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traumatic_brain_injury_complications

Traumatic brain injury complications

1. ≈ 75% will exhibit an traumatic intracranial hematoma

a) may be present on initial evaluation and can then worsen

b) may develop in a delayed fashion

delayed epidural hematoma (EDH)

delayed subdural hematoma (SDH)

delayed traumatic contusions

Posttraumatic diffuse cerebral edema

Tension pneumocephalus

Hyponatremia

Hypoxia: etiologies include pneumothorax, MI, CHF…

Hepatic encephalopathy

Hypoglycemia: including insulin reaction

Adrenal insufficiency

Drug or alcohol withdrawal

Dural sinus thrombosis

Carotid artery dissection (or rarely, vertebral)

c) SAH: due to rupture of aneurysm (spontaneous or posttraumatic) or carotid cavernous fistula (CCF)

Cerebral embolism: including fat embolism syndrome

Hypotension (shock)

Alzheimer’s disease

Brain abscess

Brain edema

Brain edema can result from a combination of several pathological mechanisms associated with primary and secondary injury patterns in traumatic brain injury (TBI).

As pressure within the skull increases, brain tissue displacement can lead to brain herniation, resulting in disability or death.

see Anticoagulation in traumatic brain injury.

Harris et al, suggest a link between head injury and Parkinson's disease and indicates further scrutiny of workplace incurred head injuries is warranted 1).

Cerebral contusion

Cortical cerebral contusions are one of the most common computed tomography (CT) findings in head injury 2) 3).

Cerebrospinal fluid otorrhea

Cerebrospinal fluid rhinorrhea

Chronic traumatic encephalopathy

Deep vein thrombosis

Delayed deterioration

Disseminated intravascular coagulation

Empty sella syndrome

Growing skull fracture

Nerve palsy

Olfactory loss

Olfactory loss due to head trauma is a frequent finding. It is attributed to the tearing or severing of the olfactory fibers at the cribriform plate. In contrast, posttraumatic gustatory loss is observed and reported rarely and the underlying mechanism is less understood. Rahban et al. present a case of a concomitant post-traumatic anosmia and ageusia. Imaging showed a considerable frontobasal brain damage and it is speculated that the gustatory impairment is due to a central injury of the secondary taste cortex. Based on this observation, Rahban et al.we believe that this clinical presentation might be much more frequent than previously reported 4).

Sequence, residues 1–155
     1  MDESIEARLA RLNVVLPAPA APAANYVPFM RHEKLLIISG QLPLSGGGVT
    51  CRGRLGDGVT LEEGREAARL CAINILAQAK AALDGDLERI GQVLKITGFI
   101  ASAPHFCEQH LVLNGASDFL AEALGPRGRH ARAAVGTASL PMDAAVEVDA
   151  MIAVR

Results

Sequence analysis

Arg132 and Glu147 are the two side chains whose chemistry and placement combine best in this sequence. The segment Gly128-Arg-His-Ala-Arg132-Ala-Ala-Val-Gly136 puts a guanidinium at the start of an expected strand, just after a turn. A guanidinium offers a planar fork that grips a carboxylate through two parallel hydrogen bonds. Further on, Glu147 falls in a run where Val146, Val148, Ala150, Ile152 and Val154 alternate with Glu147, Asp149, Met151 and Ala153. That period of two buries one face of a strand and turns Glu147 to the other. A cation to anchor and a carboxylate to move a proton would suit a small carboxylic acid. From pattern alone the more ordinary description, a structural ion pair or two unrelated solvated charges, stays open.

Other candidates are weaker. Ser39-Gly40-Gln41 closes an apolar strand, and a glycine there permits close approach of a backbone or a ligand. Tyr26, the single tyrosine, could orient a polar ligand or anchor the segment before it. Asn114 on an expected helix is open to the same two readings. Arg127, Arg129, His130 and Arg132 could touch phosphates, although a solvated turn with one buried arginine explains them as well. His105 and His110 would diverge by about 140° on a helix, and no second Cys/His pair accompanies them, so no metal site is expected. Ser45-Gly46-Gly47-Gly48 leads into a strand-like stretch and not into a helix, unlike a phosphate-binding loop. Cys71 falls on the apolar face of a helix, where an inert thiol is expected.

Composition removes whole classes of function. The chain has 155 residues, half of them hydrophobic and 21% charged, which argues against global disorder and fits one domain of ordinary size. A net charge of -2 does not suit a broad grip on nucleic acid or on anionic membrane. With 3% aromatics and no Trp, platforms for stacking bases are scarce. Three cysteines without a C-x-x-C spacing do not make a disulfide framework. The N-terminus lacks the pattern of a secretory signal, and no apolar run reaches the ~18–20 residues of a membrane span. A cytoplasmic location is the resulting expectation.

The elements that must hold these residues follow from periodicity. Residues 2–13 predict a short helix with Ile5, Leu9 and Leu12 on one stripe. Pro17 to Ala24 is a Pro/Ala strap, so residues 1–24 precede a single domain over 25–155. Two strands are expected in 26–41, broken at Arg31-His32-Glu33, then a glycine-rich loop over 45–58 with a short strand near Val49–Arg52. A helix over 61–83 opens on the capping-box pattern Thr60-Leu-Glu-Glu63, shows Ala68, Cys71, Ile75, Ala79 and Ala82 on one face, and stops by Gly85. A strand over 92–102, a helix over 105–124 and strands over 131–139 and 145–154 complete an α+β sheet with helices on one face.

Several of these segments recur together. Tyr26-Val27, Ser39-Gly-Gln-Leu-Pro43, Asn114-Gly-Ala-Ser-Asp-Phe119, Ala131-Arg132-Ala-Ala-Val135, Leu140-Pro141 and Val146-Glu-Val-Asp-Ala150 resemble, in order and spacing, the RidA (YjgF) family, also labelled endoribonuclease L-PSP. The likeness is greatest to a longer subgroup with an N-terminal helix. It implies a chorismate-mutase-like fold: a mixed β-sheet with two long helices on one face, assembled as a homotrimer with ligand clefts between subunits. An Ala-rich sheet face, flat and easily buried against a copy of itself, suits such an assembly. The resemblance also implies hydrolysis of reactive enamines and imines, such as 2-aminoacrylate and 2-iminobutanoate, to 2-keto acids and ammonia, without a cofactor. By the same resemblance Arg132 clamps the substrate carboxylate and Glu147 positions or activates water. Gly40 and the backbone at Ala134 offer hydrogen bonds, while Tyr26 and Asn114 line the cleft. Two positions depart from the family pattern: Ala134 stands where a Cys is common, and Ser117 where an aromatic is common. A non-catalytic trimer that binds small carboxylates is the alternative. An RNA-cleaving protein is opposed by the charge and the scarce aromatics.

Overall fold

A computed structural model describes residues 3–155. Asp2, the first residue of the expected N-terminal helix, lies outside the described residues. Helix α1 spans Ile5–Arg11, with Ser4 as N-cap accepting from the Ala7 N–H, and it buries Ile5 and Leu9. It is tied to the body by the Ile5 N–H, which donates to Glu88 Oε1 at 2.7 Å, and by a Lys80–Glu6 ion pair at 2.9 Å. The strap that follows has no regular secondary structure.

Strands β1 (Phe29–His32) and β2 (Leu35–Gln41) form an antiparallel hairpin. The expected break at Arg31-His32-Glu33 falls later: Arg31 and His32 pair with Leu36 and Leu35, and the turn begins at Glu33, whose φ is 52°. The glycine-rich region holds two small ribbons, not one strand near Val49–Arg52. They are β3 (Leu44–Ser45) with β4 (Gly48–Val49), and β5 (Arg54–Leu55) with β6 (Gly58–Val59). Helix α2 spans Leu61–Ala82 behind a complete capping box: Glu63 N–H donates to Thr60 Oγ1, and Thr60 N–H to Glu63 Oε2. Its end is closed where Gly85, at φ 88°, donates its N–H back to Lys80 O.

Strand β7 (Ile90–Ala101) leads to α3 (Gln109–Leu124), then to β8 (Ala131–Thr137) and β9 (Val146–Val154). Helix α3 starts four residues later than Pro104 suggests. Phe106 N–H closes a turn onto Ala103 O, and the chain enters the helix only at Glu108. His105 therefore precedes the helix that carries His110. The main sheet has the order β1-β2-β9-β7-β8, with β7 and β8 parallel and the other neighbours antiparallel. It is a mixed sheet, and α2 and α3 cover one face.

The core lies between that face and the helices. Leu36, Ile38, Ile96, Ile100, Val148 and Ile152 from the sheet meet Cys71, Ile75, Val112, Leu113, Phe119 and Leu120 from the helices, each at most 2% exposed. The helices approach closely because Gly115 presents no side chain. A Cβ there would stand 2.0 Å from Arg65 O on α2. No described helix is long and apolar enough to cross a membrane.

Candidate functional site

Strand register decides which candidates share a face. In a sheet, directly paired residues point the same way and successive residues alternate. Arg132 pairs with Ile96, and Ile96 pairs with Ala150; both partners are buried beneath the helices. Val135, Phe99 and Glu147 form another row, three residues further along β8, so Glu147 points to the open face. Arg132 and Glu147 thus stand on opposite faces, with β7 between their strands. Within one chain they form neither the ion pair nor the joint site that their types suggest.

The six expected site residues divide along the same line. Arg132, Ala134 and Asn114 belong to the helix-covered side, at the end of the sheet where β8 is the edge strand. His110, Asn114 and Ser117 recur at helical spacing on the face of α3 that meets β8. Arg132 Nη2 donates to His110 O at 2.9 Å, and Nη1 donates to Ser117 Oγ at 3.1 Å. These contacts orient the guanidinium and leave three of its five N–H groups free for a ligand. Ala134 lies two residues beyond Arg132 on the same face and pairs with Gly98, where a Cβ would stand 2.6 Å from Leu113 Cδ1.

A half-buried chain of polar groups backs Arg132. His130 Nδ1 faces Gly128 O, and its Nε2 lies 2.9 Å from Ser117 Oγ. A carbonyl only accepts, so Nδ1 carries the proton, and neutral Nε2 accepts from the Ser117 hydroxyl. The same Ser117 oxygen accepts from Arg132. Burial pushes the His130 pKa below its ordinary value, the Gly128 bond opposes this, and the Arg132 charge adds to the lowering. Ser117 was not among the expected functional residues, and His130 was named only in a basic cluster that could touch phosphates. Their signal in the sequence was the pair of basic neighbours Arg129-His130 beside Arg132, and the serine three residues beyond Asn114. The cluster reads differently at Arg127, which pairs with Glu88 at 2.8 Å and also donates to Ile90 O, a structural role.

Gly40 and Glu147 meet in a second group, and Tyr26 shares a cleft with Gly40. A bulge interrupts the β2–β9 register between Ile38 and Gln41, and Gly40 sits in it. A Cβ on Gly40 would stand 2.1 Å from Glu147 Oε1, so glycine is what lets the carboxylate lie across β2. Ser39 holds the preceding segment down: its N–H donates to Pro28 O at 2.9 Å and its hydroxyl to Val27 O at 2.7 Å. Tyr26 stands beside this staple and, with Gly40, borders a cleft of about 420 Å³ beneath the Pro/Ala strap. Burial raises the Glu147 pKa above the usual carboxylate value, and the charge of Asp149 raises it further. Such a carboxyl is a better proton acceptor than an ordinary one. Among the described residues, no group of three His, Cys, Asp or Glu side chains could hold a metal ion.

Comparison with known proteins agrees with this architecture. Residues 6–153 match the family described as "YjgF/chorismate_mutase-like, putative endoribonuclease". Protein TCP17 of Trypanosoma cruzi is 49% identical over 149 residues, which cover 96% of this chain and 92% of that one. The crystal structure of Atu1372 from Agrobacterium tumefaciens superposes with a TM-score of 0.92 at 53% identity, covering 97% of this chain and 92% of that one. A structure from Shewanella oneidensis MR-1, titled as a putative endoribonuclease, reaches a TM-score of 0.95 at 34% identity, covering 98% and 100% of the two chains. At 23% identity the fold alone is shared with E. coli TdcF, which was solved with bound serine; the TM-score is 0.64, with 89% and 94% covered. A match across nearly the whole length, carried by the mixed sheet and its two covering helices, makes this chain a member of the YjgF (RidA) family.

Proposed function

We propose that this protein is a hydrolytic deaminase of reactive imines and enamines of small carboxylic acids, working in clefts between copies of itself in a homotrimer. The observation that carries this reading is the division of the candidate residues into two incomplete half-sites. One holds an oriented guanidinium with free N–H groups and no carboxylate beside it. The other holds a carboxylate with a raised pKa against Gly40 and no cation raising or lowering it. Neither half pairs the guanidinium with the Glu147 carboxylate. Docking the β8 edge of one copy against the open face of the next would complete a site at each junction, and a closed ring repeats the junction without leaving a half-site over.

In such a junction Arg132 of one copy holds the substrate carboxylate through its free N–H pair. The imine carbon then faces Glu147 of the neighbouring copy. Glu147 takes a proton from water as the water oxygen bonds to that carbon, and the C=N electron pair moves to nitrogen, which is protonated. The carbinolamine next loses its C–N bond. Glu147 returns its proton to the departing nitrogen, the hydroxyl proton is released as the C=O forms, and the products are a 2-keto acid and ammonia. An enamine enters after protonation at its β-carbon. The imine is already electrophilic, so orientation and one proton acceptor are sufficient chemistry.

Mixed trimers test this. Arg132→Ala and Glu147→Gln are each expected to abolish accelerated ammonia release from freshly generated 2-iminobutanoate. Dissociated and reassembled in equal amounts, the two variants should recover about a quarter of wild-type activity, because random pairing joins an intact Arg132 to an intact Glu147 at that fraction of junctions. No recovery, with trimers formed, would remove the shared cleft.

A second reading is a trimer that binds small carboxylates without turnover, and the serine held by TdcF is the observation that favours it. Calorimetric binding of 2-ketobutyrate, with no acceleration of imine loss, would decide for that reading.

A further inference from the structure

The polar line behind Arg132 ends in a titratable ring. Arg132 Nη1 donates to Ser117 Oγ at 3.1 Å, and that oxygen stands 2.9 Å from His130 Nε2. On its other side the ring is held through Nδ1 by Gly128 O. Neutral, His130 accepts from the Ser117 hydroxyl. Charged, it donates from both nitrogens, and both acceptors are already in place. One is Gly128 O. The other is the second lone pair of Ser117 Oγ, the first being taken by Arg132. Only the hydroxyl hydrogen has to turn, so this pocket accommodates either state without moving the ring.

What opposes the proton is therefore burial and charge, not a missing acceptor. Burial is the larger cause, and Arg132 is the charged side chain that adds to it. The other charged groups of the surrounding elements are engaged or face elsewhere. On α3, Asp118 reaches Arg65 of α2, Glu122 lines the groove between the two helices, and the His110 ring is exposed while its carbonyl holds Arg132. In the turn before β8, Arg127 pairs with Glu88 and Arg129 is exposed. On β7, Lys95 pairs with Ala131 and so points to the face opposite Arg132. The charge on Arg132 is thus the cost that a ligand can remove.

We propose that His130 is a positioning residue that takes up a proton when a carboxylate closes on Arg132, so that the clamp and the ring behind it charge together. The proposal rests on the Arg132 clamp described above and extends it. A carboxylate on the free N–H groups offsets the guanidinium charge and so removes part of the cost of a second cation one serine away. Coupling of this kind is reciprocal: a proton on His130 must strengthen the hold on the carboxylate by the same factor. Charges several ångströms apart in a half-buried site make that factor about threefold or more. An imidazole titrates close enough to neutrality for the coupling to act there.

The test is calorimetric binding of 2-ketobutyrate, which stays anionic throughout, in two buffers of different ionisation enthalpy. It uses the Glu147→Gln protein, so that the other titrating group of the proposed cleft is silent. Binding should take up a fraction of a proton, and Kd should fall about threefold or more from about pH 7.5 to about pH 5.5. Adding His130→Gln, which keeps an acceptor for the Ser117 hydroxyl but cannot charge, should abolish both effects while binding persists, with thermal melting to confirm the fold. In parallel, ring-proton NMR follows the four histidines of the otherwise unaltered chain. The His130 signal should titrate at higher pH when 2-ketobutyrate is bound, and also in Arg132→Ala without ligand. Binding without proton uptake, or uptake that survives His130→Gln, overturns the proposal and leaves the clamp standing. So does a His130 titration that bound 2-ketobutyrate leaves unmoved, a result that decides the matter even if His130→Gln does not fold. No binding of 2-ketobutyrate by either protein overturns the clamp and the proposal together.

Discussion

Autonomic impairment after acute traumatic brain injury has been associated independently with both increased morbidity and mortality. Links between autonomic impairment and increased intracranial pressure or impaired cerebral autoregulation have been described as well. However, relationships between autonomic impairment, intracranial pressure, impaired cerebral autoregulation, and outcome remain poorly explored.

Osteomyelitis of the skull

Pituitary dysfunction

Diabetes insipidus.

see Posttraumatic hypopituitarism

hypogonadotropic hypogonadism

Postconcussive syndrome

Posttraumatic epilepsy

Posttraumatic hydrocephalus

Posttraumatic meningitis

Posttraumatic stress disorder

Pulmonary embolism

Secondary Parkinsonism

SIADH

Subdural empyema

Traumatic intracranial hemorrhage

References

1)
Harris MA, Shen H, Marion SA, Tsui JK, Teschke K. Head injuries and Parkinson's disease in a case-control study. Occup Environ Med. 2013 Dec;70(12):839-44. doi: 10.1136/oemed-2013-101444. Epub 2013 Sep 18. PubMed PMID: 24142978.
2)
Becker DP, Miller JD, Ward JD, Greenberg RP, Young HF, Sakalas R. The outcome from severe head injury with early diagnosis and intensive management. J Neurosurg. 1977 Oct;47(4):491-502. PubMed PMID: 903803.
3)
Bullock MR, Chesnut R, Ghajar J, Gordon D, Hartl R, Newell DW, Servadei F, Walters BC, Wilberger J; Surgical Management of Traumatic Brain Injury Author Group.. Surgical management of traumatic parenchymal lesions. Neurosurgery. 2006 Mar;58(3 Suppl):S25-46; discussion Si-iv. Review. PubMed PMID: 16540746.
4)
Rahban C, Ailianou A, Jacot E, Landis BN. [Concomitant anosmia and ageusia: a case report]. Rev Med Suisse. 2015 Sep 30;11(488):1787-90. French. PubMed PMID: 26619700.
traumatic_brain_injury_complications.txt · Last modified: 2019/07/04 12:53 by administrador